After a few days, Terry Jo came out of her coma and started to tell investigators her version of the disaster. The details were dramatically different from Harvey’s, but he was already dead. She told the investigators that there were no flames, and the masts were still standing tall when she last saw them.
Investigators also learned that Harvey was having money trouble and had taken out a $20,000 double-indemnity policy on his new wife, Dene. Everything Terry Jo said, including the details of Harvey’s life, pointed to mass murder, but he became his own killer.
As Terry Jo climbed onto the float, one of the lines snagged on the sinking ship, and she was pulled underwater for a moment until the line came free. The float popped back to the surface, and she huddled low in fear of Harvey waiting for her in the dark.
She had no food, no water, and her thin white shirt and pink pants couldn’t protect her from the chilly night. The moon set, and she was left in complete darkness. Waves broke without warning, and saltwater stung her eyes. She was cold and wet and wondered where her father was.
As the sun rose the following day, Terry Jo began to warm up, but she realized she was in danger without protection from the sun. The flimsy raft started to disintegrate, exposing her legs and feet to the sharp teeth of parrotfish.
With each passing hour, Terry Jo’s mouth got drier, and her throat was more parched. However, she had no appetite, and she wasn’t thirsty. She was worried about the coming night because she wouldn’t be able to see again, and she missed her family dearly.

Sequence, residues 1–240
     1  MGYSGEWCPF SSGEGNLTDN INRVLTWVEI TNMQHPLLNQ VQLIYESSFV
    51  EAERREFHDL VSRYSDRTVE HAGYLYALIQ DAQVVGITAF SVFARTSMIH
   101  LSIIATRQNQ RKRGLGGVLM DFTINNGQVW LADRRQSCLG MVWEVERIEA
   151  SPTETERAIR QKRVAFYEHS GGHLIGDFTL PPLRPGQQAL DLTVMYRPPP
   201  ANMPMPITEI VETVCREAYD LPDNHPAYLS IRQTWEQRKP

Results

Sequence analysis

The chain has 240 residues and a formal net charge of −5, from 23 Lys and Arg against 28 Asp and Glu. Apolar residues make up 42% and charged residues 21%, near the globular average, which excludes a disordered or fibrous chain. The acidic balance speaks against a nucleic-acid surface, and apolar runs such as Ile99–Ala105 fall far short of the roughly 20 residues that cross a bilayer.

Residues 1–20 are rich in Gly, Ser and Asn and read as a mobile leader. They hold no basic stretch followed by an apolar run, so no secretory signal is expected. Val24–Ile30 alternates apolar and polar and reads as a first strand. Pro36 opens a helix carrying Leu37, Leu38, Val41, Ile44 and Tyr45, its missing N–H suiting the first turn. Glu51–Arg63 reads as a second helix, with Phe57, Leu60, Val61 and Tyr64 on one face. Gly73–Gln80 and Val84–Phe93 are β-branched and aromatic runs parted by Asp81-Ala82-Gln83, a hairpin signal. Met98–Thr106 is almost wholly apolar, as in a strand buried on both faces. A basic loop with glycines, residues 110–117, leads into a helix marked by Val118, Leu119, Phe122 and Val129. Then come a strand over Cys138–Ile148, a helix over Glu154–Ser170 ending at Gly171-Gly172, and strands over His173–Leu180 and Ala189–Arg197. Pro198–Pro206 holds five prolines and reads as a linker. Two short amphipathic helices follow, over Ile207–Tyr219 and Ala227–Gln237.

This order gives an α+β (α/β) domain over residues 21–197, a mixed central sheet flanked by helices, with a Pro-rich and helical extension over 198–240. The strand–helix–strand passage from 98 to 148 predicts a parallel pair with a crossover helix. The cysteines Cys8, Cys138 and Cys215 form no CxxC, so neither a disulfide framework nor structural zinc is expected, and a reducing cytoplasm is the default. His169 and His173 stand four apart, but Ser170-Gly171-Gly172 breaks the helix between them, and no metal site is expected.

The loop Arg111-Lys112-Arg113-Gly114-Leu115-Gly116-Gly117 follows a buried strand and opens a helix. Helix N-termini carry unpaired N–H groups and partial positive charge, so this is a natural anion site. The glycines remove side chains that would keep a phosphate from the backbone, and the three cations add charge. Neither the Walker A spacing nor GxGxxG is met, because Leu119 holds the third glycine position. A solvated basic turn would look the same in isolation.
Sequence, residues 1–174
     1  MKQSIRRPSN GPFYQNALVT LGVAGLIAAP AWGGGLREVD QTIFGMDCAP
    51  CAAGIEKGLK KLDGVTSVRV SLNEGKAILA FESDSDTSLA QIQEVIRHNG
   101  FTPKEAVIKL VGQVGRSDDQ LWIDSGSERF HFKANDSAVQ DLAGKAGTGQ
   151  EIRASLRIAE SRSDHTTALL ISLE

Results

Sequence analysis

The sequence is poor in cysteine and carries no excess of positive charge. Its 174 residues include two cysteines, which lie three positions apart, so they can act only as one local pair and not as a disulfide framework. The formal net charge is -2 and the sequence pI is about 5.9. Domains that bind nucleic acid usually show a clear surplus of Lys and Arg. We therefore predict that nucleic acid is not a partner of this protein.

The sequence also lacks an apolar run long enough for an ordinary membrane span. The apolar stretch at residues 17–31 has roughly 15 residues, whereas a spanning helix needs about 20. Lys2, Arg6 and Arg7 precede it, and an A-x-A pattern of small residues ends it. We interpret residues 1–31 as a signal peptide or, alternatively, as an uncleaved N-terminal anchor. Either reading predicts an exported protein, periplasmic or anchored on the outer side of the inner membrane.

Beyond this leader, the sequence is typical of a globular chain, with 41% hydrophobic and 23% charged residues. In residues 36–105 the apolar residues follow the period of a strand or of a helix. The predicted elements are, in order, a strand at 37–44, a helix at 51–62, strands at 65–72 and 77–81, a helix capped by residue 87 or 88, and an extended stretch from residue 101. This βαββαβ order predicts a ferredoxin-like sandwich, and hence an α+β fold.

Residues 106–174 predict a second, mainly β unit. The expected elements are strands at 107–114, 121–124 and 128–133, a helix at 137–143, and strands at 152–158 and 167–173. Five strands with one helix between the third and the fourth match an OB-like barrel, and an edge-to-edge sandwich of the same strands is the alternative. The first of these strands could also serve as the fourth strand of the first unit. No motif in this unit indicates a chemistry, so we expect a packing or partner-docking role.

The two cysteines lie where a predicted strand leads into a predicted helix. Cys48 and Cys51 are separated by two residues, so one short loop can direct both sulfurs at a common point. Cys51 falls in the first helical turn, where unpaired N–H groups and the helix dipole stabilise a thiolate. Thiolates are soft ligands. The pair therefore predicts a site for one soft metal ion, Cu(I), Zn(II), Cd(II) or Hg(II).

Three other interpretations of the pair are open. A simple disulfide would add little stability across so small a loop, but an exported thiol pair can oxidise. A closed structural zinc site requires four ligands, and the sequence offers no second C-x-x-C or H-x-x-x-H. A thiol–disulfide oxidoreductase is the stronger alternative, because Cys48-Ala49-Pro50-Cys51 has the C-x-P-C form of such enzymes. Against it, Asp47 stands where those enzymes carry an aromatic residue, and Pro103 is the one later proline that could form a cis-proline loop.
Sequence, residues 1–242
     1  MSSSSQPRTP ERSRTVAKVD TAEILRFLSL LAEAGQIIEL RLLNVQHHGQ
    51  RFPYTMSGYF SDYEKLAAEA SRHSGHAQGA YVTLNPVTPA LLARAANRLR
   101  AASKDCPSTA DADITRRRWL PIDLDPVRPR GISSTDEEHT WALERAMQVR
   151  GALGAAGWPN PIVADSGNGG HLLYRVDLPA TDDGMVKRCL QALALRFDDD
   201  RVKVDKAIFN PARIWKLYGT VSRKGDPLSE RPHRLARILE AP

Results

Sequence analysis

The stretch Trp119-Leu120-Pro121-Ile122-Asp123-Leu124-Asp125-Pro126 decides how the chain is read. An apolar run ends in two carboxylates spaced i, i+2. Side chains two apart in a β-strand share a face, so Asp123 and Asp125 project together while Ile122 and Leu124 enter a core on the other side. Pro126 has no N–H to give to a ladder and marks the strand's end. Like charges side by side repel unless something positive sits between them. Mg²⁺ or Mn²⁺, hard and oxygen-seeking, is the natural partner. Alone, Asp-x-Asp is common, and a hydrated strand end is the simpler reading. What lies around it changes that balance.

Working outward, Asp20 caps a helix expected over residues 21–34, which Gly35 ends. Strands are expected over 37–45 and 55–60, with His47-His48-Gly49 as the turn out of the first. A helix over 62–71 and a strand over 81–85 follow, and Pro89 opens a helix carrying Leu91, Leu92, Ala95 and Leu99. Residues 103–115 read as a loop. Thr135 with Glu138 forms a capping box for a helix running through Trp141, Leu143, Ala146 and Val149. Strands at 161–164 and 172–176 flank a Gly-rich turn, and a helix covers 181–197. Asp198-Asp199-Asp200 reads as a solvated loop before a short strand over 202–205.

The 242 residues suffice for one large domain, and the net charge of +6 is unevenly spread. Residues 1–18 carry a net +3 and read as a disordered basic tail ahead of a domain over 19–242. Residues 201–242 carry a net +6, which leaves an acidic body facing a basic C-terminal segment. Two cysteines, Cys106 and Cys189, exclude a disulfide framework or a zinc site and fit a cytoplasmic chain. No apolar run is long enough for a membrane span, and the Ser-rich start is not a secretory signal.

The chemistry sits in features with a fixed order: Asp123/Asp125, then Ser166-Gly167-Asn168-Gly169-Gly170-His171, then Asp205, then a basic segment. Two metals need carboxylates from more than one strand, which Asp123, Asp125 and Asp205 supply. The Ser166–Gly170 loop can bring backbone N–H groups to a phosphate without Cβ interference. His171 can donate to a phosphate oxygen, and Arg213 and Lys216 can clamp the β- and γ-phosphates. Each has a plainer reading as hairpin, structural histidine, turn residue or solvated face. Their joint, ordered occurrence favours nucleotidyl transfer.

On the second day of floating, Terry Jo spotted a small red plane circling overhead. She watched and waved at it for a long time with her shirt. At one point, it dove in her direction, so she waved frantically in the hope that someone would rescue her.
Unfortunately, the plane passed directly over her, close enough so she could see the details of its underside, but the pilot couldn’t see her. She was losing hope because she knew it would be nearly impossible for a plane or passing ship to see her. She looked like another whitecap, with her blonde hair and white shirt.
Early in the afternoon, Terry Jo saw ghostly shapes approaching the float from 30 yards away. Her heart started racing as she prepared for the worst. However, as the figures came closer, she realized they were porpoises that stayed around for a few hours.
As the sun came through the clouds, she thought about Wisconsin and the cool waters of Green Bay. They seemed so far away. As the sun began to set, it was a relief to her skin. That night, Terry Jo dreamt about her dad talking to her. The float was so small that she had to sit upright the whole time.
It was Wednesday by that point, and Terry Jo had been on the raft since Sunday night. The sun was hotter than ever, and it caused her eyes severe pain. All her muscles ached. Her skin felt like it was on fire, and her lips were swollen and dry.
Terry Jo had to balance rigidly because the float was falling apart. She started to hallucinate more as her body was shutting down. She later recalled seeing a desert island with a palm tree, and she tried to paddle towards it. However, she fell unconscious in the process.